An automatic fire alarm is a device that monitors local conditions, usually an interior room of a building, for the presence of changes that may indicate unwanted fire. Once the alarm detects a possible problem, it may then sound an alarm for those in the immediate area, automatically alert emergency services, or do both. Automatic fire alarms are required for most buildings and rental properties in most jurisdictions. Basic models are available for less than $10 US Dollars.
The detection system works somewhat differently on automatic fire alarm systems, depending on the model. Most basic models work by detecting the smoke through a method known as ionization. More sophisticated systems may use a photoelectric system in which light is the primary method of determining when smoke may be present in the air. Neither system is totally accurate, but both do an adequate job of detecting changes in the local atmosphere that may or may not be unwanted smoke.
In the case of the ionization system, the automatic fire alarm contains a small amount of a radioactive substance known as americium-241. This substance is used to create an electrical current within the detector. Smoke disrupts this electrical current, and when the automatic fire alarm senses that the current has been disrupted, it sounds an alarm.
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With a photoelectric system, light enters the automatic fire alarm through a tube, and does not come into contact with a photo detector. If light is present, then that light is dispersed enough that it hits that detector. When that happens, the alarm begins to alert those in the area of a possible smoke situation. If individuals are not in the room at the time the smoke starts, or are asleep, this may provide them with enough warning to move to safety before the fire gets too large.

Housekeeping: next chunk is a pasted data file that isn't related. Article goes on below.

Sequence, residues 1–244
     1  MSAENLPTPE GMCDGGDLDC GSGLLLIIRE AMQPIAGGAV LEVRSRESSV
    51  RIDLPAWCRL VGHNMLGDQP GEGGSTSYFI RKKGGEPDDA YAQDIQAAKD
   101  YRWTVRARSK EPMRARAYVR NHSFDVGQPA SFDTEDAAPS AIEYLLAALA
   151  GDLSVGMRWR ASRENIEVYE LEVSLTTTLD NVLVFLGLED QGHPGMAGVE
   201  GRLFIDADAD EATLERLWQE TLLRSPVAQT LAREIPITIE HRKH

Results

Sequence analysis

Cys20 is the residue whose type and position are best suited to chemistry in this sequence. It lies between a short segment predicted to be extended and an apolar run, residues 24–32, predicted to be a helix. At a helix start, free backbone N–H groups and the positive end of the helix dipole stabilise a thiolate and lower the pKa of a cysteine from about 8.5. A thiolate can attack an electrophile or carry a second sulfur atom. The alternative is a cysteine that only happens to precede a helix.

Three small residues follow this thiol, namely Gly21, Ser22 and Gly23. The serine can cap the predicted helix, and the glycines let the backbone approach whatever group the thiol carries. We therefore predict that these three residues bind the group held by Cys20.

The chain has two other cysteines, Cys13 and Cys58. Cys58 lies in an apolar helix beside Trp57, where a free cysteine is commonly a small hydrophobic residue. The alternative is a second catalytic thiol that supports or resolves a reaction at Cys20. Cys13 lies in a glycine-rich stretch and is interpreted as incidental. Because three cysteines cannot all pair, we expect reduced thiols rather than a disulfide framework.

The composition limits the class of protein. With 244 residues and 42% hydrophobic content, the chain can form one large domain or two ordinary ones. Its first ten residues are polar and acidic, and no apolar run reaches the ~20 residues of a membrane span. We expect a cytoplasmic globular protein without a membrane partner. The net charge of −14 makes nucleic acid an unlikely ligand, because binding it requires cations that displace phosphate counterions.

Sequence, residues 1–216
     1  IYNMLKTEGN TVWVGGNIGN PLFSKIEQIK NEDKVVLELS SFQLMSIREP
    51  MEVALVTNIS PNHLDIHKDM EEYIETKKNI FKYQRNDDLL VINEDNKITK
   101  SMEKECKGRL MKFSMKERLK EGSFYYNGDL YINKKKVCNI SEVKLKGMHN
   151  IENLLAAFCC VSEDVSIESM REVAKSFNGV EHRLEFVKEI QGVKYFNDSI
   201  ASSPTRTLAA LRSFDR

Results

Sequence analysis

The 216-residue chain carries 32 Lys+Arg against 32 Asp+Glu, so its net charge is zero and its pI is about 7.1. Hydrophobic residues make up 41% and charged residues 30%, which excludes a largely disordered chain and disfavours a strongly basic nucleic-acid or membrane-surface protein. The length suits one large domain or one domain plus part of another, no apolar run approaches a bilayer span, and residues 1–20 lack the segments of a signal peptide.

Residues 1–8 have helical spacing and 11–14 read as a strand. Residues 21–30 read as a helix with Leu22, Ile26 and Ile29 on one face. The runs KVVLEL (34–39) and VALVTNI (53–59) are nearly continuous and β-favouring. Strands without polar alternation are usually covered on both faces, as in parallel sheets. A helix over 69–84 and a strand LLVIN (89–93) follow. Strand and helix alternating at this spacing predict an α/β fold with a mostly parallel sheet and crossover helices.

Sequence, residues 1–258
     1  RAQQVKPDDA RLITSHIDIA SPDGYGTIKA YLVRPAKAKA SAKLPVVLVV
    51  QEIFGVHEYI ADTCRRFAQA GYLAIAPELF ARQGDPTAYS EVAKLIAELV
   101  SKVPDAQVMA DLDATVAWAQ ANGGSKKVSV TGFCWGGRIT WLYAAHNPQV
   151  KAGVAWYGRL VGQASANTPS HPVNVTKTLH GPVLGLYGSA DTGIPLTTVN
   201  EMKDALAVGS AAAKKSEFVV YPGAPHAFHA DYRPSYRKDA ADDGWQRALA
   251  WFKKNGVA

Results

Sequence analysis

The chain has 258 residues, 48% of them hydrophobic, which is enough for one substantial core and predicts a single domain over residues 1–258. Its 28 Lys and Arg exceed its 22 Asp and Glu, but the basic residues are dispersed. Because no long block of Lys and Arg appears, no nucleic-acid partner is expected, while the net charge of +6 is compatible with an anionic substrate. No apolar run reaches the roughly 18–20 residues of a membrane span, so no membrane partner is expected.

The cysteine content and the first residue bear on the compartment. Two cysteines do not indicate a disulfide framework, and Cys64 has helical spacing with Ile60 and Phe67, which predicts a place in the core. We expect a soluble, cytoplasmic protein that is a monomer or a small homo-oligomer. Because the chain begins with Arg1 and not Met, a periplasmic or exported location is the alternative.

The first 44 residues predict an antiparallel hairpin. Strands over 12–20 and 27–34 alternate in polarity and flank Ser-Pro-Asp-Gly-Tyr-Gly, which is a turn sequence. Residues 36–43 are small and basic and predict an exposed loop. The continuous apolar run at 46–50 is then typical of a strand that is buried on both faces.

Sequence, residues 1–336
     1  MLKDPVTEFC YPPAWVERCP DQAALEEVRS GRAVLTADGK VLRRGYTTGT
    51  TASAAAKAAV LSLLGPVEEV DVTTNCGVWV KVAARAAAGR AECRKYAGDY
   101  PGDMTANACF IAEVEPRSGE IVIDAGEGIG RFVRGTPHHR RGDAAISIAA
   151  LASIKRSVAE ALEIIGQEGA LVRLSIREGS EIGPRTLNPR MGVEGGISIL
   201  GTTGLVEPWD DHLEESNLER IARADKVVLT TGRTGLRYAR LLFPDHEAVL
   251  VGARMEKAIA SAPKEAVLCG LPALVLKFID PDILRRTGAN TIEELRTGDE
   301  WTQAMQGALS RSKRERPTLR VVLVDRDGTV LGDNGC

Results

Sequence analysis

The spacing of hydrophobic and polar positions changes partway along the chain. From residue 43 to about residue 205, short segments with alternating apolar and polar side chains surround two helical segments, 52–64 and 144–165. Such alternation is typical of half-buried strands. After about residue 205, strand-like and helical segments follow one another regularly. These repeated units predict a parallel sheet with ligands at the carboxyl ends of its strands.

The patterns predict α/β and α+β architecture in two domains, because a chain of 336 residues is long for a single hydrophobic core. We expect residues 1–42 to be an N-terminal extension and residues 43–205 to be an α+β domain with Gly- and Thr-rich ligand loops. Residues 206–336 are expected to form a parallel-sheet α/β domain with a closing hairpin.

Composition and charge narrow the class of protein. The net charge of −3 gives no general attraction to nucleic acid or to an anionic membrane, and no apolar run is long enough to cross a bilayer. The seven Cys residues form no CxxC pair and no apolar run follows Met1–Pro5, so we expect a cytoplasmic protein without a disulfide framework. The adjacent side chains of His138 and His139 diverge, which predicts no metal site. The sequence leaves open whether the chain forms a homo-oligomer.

Depending on the type of automatic fire alarm, the system may go one step beyond alerting those in the general area. It may also alert a private monitoring company, or may be linked directly with an emergency communications center. In such cases, if the alarm sounds, emergency services are notified immediately and will respond with or without a person reporting a problem. Generally, a fire department is aware that it is responding to an automatic fire alarm, rather than a human report.
As with all emergency equipment, making sure the automatic fire alarm is in good working condition is essential to proper operation. For home use, the International Association of Fire Chiefs recommends changing batteries annually in units not connected to a permanent power source, and the organization runs a campaign encouraging homeowners to change the batteries when clocks are switched off of daylight savings time in the fall. Fire alarms should also be tested once a month to ensure they still work properly.